The BEST Way To Prevent Running Injuries

Can we talk about the two words that for some reason, runners seem to fear? PHYSICAL THERAPY. If I had a dollar for every email I've ever received asking for advice about an ache, pain, or possible injury, I'd have more money than I'd know what to do with. I don't know why our immediate reaction whenever we hurt ourselves is to turn to the internet instead of a professional. I do it, just ask my Physical Therapist Mike Riccardi at Finish Line Physical Therapy. Whenever I feel a weird ache or pain, I Google it and show up to my weekly PT appointment with a list of possible diseases and illnesses. Then Mike promptly sighs and tells me that I'm fine, and it is just overuse. (And a result of my terrible running form and minimal foam rolling.)

Look, getting injured happens. Sometimes it's because we fail to cross train or do our strength training and sometimes accidents happen. I've had my fair share of running related injuries from calf strains, runners knee, to IT band flare ups and there's no way I'd be running as efficiently and pain free as I am today without Finish Line Physical Therapy. Their motto is prehab instead of rehab and I'm a believer. It's so much easier to be diligent about preventing injuries than it is to have to take time off to rehab them.

If you have the resources available to you, go find yourself an amazing Physical Therapist who doesn't frown upon endurance sports. Someone who understands your need to run and isn't going to tell you that it's bad for you. Those PT's are out there. Should you meet them, RUN! Then work with them to strengthen your weak areas so that you limit your chances of acquiring a running related injury.


Until next time, #RunSelfieRepeat.


Kelly Roberts

It all started when a silly joke made headlines back in 2014 when I took selfies with hot guys “hottie hunting” my way through the New York City Half Marathon. But ironically enough, I haven't always been a runner. As the self-proclaimed former President of the "I f*cking hate running club", I spent most of my life finding ways to avoid physical activity. Growing up, I missed over 70 days of PE my senior year. Working out was something I thought I had to suffer through in order to lose weight.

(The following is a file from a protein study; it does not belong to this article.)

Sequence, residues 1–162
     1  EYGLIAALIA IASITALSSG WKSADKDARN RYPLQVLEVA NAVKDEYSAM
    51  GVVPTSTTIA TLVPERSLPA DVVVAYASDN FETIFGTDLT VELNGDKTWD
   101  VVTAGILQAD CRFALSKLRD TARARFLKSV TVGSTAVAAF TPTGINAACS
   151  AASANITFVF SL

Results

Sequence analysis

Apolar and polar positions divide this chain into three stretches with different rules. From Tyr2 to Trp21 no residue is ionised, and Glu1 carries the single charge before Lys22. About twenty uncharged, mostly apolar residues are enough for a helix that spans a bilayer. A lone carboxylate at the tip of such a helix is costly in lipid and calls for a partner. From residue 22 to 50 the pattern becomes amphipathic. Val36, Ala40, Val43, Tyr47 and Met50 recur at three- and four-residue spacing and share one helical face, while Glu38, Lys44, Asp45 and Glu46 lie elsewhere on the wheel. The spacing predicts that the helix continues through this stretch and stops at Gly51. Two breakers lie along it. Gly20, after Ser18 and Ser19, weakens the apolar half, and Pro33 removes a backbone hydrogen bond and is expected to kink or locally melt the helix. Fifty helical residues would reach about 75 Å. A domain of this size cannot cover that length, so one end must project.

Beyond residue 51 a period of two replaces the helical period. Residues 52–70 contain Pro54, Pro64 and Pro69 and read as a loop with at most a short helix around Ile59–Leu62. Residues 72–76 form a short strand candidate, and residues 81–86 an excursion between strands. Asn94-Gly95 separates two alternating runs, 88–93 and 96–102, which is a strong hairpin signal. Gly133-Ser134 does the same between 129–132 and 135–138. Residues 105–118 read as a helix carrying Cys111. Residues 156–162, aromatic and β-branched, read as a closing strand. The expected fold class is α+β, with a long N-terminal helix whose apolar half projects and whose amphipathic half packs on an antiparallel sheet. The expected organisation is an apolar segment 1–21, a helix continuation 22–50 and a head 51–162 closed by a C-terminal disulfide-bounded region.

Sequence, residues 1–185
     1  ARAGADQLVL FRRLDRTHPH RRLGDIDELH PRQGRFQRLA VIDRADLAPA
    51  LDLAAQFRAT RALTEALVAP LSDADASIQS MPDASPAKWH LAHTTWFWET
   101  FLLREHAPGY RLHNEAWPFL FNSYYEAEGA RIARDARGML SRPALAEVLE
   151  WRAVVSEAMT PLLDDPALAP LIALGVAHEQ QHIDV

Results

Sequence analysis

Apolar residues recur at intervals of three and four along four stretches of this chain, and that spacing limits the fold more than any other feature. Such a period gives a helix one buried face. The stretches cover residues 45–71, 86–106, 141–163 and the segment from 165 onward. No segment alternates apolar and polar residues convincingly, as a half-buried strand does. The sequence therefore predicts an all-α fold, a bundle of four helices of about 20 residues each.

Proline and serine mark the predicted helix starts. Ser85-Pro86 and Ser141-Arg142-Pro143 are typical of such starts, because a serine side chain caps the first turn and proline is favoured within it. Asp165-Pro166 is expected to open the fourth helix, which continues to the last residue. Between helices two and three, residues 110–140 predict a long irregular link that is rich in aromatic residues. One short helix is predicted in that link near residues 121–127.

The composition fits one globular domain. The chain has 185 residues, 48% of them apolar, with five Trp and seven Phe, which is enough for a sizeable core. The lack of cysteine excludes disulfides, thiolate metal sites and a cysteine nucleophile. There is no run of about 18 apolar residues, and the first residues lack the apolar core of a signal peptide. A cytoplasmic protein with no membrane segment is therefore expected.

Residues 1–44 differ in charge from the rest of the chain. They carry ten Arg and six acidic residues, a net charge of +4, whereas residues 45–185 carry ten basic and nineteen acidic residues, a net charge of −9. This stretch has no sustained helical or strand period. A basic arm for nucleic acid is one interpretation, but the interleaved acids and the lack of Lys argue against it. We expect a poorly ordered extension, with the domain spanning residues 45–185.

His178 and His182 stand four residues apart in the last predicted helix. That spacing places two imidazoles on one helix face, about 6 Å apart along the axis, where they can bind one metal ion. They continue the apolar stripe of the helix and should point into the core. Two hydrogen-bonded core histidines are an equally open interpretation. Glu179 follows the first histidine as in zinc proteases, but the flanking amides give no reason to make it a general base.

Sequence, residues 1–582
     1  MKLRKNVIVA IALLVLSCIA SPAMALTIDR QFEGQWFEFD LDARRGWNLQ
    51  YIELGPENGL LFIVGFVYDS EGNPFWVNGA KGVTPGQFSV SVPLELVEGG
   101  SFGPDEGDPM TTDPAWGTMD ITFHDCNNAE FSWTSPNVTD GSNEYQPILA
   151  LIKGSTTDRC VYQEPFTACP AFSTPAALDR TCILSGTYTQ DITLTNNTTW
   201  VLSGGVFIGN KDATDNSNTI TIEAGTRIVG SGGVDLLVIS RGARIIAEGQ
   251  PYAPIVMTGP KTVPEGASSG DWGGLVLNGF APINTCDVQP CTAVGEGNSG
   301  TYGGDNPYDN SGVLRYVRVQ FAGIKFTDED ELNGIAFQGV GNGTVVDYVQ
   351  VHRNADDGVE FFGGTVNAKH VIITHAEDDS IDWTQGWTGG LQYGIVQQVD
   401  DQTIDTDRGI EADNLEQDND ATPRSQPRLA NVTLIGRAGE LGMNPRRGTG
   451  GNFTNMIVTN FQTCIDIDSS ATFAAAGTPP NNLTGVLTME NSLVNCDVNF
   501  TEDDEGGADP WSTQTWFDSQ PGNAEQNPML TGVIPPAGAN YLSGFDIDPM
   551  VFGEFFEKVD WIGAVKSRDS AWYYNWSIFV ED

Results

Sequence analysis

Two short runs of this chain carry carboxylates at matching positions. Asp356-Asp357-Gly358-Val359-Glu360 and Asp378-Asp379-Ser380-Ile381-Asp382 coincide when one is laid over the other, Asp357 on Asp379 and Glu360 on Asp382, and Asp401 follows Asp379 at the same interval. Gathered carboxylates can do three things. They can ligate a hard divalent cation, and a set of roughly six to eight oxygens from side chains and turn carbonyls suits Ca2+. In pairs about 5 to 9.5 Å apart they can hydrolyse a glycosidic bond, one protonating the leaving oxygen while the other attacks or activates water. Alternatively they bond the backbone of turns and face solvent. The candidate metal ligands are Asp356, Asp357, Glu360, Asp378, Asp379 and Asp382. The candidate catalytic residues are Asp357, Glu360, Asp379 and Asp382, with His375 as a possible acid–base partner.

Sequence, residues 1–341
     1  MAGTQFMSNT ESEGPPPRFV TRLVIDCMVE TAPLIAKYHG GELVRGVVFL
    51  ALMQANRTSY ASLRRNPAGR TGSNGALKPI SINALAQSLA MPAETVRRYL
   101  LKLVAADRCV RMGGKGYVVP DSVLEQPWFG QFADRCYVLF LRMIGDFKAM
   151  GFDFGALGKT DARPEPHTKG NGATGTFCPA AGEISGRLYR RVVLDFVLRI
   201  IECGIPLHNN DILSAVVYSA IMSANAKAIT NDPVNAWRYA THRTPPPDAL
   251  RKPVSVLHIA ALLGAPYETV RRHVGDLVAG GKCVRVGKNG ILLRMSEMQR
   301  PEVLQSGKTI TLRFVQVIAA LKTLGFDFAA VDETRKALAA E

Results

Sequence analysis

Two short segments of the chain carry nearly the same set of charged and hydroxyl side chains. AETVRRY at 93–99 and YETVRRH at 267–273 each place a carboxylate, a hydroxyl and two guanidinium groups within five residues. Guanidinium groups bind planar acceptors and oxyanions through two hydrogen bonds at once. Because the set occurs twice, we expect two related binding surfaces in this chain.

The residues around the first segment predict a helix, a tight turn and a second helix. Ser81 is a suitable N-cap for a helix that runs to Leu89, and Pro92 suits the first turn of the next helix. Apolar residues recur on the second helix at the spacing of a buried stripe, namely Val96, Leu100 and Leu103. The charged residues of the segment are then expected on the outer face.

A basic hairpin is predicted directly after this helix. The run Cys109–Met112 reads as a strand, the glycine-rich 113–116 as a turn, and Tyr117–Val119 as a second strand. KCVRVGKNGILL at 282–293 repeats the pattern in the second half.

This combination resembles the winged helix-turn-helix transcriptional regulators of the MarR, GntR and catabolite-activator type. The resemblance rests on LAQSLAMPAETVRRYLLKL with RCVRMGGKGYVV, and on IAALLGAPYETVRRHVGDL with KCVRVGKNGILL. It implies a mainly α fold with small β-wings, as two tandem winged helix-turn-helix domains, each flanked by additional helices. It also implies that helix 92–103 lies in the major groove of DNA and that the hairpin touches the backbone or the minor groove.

Then, in 2009, my younger brother passed away unexpectedly and struggling to manage my grief, I gained more than 75 pounds. With the weight gain came a new fight to regain my sense of self and learn to love the body I saw when I looked in the mirror. Then one Thanksgiving morning, drowning in grief and self doubt, I decided to go for a run. I didn't make it half way down my street before I had to stop to walk but for some reason, struggling forward made more sense than getting back into bed. It turns out that running is a lot like grief, neither ever really get easier, you just get stronger. 

Over time, I realized that while some people are in fact born runners, others are made. I created this blog Run, Selfie, Repeat and my new podcast by the same name with the hopes to inspire others to say yes to themselves while making them laugh hysterically because laughing, in my opinion, is the solution to everything. 

Named by Women's Running as one of twenty women who are changing the sport of running and by Competitor Magazine as one of 12 Influential and inspiring runners under 30, my mission is to inspire others to get embrace a healthy lifestyle and pursue the strongest version of themselves possible.